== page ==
With a stack of CDs beside my computer waiting to be listened to and reviewed, I can usually glean an idea of what the band will sound like based on such superficial things as what label the group is on and a quick glance at their one-sheet. However, rare is it that I am as at a loss for words as I am with Human Hand, Animal Band, the fifth full length by the Austin, Texas-based Rhythm of Black Lines. A dense, beautiful album, it is so wholly original and ambitiously conceived that mere comparison couldn’t do the band justice.
Spanning ten tracks, the disc has nothing that feels short of epic. Each song could be a mini-EP unto itself as each track feels completely realized. It is rare that I will get this sense of complete devotion when listening to a CD, but here the blood, sweat and tears are palpable. Rhythm Of Black Lines play like each song might be their last and that if they’re going to go out, it will be with a bang. It is difficult to describe the album without making references that I feel will short-change the band, and if you were even thinking about picking this up, I would recommend to stop reading here and listen to this album fresh.
From the opening notes of “The Tooth” there is no denying that Rhythm Of Black Lines are going to take you on a journey. Imagine the post-rock guitars of Chicago’s finest, battling David Byrne in a classical music-writing showdown and it might begin to approximate just what is going on here. “One Red Eye”, the best song on Human Hand, Animal Band, is a prime example of the Rhythm Of Black Lines’ visionary songwriting. The song starts a minute of strings and horns that decompose into a swirl of noise and this is all before the song begins, yet none of it feels extraneous or pretentious. The song proper is framed by a rather complex guitar line that leads into a stunning horn driven chorus that has Clint Newsom singing: “To hold your hand you’ll run the course / And guide me down a fatal trap / Can’t read the type with one open eye / No more red no more blue / No more yellow this is true.” The centerpiece of the album is the three-part “PJs”. Best experienced as a whole, this is both the loudest and most ambitious part of the album, and it succeeds brilliantly. Brimming with strings and horns the song builds and cascades wonderfully over its twelve-minute running time. This track has song structures reminiscent of prog rock’s finest progenitors and with an uncanny attention to detail, and further listens reveal backing vocals, sounds and parts of songs that may have been missed on the first go round.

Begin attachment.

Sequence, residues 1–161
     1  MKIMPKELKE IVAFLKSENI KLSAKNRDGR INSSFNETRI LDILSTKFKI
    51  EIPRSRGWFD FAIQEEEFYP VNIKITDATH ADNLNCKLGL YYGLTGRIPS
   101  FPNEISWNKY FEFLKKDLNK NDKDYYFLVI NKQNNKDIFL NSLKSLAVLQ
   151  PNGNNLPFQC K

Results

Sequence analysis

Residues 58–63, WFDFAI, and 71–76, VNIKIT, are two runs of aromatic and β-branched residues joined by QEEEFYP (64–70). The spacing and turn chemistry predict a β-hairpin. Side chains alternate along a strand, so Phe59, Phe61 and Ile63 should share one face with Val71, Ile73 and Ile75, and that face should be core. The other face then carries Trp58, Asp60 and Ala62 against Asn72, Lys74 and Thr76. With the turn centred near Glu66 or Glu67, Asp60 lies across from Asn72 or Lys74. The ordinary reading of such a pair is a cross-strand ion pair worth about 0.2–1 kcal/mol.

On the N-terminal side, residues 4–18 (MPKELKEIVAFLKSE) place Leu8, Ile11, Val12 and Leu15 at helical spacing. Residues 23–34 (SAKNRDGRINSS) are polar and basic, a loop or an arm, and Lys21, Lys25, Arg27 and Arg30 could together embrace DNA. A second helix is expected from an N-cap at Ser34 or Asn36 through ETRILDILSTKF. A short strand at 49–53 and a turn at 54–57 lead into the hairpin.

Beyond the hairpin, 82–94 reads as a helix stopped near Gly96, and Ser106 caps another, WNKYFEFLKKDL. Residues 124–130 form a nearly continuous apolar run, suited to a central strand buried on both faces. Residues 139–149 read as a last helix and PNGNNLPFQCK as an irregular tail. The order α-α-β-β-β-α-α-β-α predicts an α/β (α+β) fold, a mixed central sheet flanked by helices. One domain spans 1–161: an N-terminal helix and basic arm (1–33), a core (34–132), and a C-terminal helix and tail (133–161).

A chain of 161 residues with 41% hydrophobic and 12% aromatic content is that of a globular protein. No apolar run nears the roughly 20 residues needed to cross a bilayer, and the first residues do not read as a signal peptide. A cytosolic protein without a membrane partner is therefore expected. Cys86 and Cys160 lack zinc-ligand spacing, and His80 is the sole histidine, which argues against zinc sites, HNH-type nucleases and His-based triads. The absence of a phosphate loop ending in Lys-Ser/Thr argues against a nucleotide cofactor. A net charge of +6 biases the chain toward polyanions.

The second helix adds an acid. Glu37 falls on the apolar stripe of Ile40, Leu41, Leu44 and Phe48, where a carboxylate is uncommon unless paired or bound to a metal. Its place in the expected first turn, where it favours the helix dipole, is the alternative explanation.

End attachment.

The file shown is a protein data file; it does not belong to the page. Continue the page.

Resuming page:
The term “art rock” usually brings to mind high-minded college students with too much music theory and pop culture references churning out music that needs a thesis attached to it to gain any insight. Though the phrase “art rock” would be more than fitting for Rhythm of Black Lines, it is immediately accessible and rewarding. Imaginatively composed and executed with a confident panache, Human Hand, Animal Band promises a great future from Rhythm of Black Lines.